In a report published today (25 September 2014), the Social Security Advisory Committee (SSAC) has called on government to examine the balance in social security coverage – both in terms of entitlement and contributions – between self-employed and employed workers. The report also looks at the incentives for so-called ‘false self-employment’ and considers how current Universal Credit regulations may affect the self-employed.
Our report highlights a number of differences in the treatment of self-employed and other workers within the current social security system. With the recent growth in self-employment, it is important for the government to review whether the right balance in the social security system is currently being achieved between those in self-employment and employment.
We do not underestimate the challenge policy-makers face in assessing the respective interests of the self-employed, the employed and their employers. However, within that analysis it will be important to recognise some of the drivers for ‘false self-employment’. The position may be further complicated following roll-out of Universal Credit for the self-employed, and we therefore call on the government to establish an expert working group to look carefully at concerns that are emerging.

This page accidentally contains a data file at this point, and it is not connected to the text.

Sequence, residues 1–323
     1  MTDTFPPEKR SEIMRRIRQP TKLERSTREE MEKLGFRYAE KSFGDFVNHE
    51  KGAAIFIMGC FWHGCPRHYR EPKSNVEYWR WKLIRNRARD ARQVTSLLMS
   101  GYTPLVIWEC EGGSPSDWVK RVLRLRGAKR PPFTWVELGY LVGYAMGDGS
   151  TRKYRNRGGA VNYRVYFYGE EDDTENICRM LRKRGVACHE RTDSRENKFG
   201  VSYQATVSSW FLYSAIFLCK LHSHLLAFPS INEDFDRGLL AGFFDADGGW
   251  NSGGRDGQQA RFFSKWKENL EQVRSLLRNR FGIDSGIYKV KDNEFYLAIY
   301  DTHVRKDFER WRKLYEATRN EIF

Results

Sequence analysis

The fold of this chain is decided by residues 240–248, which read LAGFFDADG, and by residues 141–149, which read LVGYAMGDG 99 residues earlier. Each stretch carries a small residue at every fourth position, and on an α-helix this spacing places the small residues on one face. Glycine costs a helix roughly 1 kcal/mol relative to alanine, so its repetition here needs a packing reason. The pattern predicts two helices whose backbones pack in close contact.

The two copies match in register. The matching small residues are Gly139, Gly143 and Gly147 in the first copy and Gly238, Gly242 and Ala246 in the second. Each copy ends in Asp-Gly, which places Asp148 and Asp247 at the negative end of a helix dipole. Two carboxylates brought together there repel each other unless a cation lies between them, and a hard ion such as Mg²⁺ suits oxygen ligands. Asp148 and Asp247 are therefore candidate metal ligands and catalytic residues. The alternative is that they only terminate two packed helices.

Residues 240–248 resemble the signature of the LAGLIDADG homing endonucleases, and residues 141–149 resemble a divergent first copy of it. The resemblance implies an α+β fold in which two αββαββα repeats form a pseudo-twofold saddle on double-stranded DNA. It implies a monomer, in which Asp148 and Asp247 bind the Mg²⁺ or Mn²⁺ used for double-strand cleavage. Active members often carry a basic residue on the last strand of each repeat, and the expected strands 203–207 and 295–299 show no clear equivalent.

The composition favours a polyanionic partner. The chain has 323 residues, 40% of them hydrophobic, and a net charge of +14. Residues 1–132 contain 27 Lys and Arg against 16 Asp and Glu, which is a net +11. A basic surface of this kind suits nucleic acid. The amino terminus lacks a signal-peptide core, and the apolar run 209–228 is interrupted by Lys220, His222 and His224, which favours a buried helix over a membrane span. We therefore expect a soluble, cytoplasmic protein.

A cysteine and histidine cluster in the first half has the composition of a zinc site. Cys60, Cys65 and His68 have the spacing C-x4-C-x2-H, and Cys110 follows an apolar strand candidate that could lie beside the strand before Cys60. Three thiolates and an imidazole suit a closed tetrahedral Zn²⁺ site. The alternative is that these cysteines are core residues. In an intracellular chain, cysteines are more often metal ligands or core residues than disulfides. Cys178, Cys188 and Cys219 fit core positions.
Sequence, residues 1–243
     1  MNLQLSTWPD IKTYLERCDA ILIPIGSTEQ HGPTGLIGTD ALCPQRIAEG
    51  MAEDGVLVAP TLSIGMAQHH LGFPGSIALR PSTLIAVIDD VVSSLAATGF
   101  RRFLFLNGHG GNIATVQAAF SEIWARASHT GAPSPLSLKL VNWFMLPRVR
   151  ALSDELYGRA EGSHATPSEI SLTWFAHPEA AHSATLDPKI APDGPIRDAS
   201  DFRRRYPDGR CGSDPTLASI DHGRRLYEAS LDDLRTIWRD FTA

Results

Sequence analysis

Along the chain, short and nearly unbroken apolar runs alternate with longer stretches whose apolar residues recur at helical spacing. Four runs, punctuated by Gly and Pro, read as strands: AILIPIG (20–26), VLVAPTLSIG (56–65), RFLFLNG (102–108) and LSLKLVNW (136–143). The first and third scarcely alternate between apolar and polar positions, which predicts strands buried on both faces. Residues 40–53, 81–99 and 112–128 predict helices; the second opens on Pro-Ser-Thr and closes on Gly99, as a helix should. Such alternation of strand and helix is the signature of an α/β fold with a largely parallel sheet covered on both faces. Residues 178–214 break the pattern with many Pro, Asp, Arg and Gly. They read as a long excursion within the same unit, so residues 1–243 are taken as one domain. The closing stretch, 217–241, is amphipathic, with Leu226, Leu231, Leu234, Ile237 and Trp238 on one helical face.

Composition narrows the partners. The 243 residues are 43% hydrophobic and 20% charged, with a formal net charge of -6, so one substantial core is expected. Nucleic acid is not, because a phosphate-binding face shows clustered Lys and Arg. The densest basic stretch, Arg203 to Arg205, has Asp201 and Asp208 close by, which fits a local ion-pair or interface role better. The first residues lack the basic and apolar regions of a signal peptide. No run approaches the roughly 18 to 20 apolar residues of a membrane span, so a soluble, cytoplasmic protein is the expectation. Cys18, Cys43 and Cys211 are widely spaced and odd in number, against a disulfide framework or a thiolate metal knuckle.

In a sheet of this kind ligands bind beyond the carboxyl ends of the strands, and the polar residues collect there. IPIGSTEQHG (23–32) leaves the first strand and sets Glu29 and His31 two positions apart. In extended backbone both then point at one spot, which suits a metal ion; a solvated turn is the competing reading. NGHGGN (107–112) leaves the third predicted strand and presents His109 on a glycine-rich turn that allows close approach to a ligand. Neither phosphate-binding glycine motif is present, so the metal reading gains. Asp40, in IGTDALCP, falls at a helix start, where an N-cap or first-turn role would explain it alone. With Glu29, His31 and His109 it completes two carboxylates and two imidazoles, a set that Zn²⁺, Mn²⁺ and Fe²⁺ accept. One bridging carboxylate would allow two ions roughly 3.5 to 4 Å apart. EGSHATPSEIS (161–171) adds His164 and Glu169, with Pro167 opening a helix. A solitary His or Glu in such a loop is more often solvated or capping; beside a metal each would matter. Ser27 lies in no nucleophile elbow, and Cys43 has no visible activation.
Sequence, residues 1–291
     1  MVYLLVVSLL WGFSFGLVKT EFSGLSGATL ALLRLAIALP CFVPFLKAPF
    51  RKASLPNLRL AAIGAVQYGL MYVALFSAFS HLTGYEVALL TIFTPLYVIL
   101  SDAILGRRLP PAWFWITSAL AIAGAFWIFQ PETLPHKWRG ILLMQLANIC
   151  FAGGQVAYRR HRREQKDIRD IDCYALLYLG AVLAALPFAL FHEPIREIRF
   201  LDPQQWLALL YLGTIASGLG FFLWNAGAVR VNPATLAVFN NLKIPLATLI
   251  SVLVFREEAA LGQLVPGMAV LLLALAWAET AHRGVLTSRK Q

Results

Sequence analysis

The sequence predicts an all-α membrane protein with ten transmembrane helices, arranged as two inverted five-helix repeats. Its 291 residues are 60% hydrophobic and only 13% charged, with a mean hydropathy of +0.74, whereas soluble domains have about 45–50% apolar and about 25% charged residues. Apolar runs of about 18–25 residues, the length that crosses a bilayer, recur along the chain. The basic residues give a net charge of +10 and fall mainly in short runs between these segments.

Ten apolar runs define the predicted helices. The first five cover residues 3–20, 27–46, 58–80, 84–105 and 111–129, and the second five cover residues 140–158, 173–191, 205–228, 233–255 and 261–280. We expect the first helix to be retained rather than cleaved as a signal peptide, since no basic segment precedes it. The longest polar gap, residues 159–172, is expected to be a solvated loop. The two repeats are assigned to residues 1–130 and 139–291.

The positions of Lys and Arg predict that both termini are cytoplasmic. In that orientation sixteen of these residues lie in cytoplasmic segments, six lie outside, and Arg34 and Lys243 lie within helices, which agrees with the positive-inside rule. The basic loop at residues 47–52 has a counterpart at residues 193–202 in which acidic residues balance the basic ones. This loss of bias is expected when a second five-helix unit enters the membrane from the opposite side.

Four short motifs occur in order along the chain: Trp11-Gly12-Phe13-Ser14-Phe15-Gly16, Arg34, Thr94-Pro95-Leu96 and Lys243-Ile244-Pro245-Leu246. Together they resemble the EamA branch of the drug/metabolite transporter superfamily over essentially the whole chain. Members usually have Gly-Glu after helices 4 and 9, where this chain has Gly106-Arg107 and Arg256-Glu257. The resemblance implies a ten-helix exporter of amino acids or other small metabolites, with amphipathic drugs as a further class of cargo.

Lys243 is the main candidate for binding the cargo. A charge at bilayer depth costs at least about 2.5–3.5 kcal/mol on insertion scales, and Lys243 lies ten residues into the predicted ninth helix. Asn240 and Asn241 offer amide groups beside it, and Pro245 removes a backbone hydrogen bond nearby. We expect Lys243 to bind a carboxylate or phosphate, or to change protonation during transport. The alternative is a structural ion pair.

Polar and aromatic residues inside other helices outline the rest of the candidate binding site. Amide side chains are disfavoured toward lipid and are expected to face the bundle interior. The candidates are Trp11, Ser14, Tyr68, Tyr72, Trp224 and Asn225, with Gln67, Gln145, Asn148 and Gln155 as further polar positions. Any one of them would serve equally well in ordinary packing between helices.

SSAC is an independent advisory body of the Department for Work and Pensions. The committee’s role is to:
give advice on social security issues
scrutinise and report on social security regulations (including tax credits)
consider and advise on any matters referred to it by the Secretary of State for Work and Pensions or the Northern Ireland Department for Social Development
The committee’s Chair is Paul Gray. Its membership comprises: Les Allamby; John Andrews; Simon Bartley; Adele Baumgardt; John Ditch; Keith Faulkner; Colin Godbold; Chris Goulden; Matthew Oakley; Judith Paterson; Nicola Smith and Diana Whitworth. Its expert adviser on Scotland is Jim McCormick.
Social Security Advisory Committee
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Tothill Street London SW1H 9NA